Symptoms of Phobias

Recognizing the Symptoms of Phobias

A phobia is defined as an irrational and intense fear of a specific object or situation. Phobias are classified as anxiety disorders by the Diagnostic and Statistical Manual (4th Ed; DSM-IV), and are the leading type of mental illness in adult women. According to the National Institute of Mental Health, between 8.7% and 18.1% of Americans suffer from a phobia.

Phobias vary in severity from person to person. Some people are able to manage their symptoms and face the feared object, albeit with a great sense of terror. Others are motivated by the phobia to avoid the feared situation, sometimes at great personal cost.

Common Symptoms

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Phobias can be divided into three types: specific phobia, social phobia and agoraphobia. Although the symptoms of each type will vary, there are some symptoms common to all phobias. These include:

Terror: A persistent and overwhelming fear of the object or situation.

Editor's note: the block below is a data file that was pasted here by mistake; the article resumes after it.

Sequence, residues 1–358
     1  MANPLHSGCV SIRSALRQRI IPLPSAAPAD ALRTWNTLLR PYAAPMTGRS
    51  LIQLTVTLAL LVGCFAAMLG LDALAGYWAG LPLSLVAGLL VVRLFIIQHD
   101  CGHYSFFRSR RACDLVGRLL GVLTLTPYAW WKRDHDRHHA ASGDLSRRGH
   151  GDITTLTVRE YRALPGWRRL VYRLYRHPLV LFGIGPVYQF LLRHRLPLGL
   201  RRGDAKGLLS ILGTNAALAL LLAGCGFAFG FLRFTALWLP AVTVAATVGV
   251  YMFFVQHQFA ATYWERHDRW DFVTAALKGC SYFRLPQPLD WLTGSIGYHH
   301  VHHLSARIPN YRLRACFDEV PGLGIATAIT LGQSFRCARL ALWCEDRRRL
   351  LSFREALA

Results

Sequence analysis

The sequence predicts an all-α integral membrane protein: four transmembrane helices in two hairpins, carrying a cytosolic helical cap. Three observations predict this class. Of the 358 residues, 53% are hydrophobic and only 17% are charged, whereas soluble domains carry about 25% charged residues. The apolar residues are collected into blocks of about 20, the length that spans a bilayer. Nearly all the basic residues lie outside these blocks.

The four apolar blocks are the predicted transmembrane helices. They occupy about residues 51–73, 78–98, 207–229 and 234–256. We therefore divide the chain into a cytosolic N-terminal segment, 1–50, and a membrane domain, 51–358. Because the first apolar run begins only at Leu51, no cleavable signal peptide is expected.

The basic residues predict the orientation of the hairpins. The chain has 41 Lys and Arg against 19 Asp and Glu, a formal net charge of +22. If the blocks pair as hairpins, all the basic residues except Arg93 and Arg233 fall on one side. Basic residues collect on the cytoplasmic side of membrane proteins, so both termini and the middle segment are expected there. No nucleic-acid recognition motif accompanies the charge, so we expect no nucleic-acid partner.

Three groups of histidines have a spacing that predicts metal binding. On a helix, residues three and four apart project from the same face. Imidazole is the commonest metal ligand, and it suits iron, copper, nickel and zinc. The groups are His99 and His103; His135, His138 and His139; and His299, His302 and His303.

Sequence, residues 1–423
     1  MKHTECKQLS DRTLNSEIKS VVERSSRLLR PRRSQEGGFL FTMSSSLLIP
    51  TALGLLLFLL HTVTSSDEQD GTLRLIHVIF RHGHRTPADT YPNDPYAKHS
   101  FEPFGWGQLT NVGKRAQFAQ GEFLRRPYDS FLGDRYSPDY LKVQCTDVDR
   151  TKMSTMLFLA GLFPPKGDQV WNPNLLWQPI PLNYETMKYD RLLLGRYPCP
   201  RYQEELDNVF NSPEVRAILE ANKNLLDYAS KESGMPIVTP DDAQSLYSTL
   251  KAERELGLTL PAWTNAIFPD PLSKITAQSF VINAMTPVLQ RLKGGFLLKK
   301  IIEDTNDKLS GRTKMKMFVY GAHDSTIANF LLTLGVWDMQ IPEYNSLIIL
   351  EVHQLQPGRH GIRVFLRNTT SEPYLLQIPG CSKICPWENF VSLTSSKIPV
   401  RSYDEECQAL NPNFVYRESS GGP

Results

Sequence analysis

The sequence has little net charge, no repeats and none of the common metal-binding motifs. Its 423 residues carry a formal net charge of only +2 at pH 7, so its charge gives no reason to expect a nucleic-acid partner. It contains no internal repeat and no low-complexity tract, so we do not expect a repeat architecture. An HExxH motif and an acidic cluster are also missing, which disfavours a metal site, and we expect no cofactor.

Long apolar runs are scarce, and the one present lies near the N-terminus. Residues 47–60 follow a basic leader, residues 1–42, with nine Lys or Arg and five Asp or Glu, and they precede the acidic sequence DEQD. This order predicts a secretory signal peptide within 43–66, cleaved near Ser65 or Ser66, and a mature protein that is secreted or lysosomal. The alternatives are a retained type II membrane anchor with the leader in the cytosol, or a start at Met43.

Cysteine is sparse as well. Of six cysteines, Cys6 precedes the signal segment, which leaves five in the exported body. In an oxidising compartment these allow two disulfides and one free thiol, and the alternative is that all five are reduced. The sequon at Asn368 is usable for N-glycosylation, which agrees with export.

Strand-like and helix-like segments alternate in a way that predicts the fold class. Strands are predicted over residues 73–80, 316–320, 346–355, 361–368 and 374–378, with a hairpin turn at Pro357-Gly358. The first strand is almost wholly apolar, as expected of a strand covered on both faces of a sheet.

Physical Symptoms: Dizziness, shaking, palpitations.
Obsessive Thoughts: Difficulty thinking about anything other than the fear.
Desire to Flee: An intense instinct to leave the situation.
Anticipatory Anxiety: Persistent worrying about upcoming events that involve the phobic object or situation.

Symptoms of a Specific Phobia

A specific phobia is a phobia of a specified object or event. More than one specific phobia may occur simultaneously. Specific phobias may also occur alongside other mental illnesses.

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Symptoms of Social Phobia

A social phobia is a phobia of social situations that involve interaction with strangers. Social phobia may be generalized, encompassing most forms of social interaction; or may be limited to one or more specific situations.

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Symptoms of Agoraphobia

Agoraphobia is a phobia of being trapped in a situation where escape or help is not easily available in the event of a panic attack. Agoraphobia may be part of a panic disorder or may exist alone.

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